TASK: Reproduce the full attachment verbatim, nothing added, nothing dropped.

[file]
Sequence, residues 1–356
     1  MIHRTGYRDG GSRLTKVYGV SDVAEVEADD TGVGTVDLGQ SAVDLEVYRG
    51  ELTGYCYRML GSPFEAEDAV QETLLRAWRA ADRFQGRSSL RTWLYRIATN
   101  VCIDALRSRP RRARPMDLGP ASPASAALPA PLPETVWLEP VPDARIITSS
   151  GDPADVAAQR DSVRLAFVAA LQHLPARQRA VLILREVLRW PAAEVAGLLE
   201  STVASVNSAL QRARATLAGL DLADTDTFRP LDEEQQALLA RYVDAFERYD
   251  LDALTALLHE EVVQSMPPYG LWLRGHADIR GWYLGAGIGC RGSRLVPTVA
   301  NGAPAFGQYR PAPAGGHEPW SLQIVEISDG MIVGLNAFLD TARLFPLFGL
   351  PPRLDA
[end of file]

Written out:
Sequence, residues 1–356
     1  MIHRTGYRDG GSRLTKVYGV SDVAEVEADD TGVGTVDLGQ SAVDLEVYRG
    51  ELTGYCYRML GSPFEAEDAV QETLLRAWRA ADRFQGRSSL RTWLYRIATN
   101  VCIDALRSRP RRARPMDLGP ASPASAALPA PLPETVWLEP VPDARIITSS
   151  GDPADVAAQR DSVRLAFVAA LQHLPARQRA VLILREVLRW PAAEVAGLLE
   201  STVASVNSAL QRARATLAGL DLADTDTFRP LDEEQQALLA RYVDAFERYD
   251  LDALTALLHE EVVQSMPPYG LWLRGHADIR GWYLGAGIGC RGSRLVPTVA
   301  NGAPAFGQYR PAPAGGHEPW SLQIVEISDG MIVGLNAFLD TARLFPLFGL
   351  PPRLDA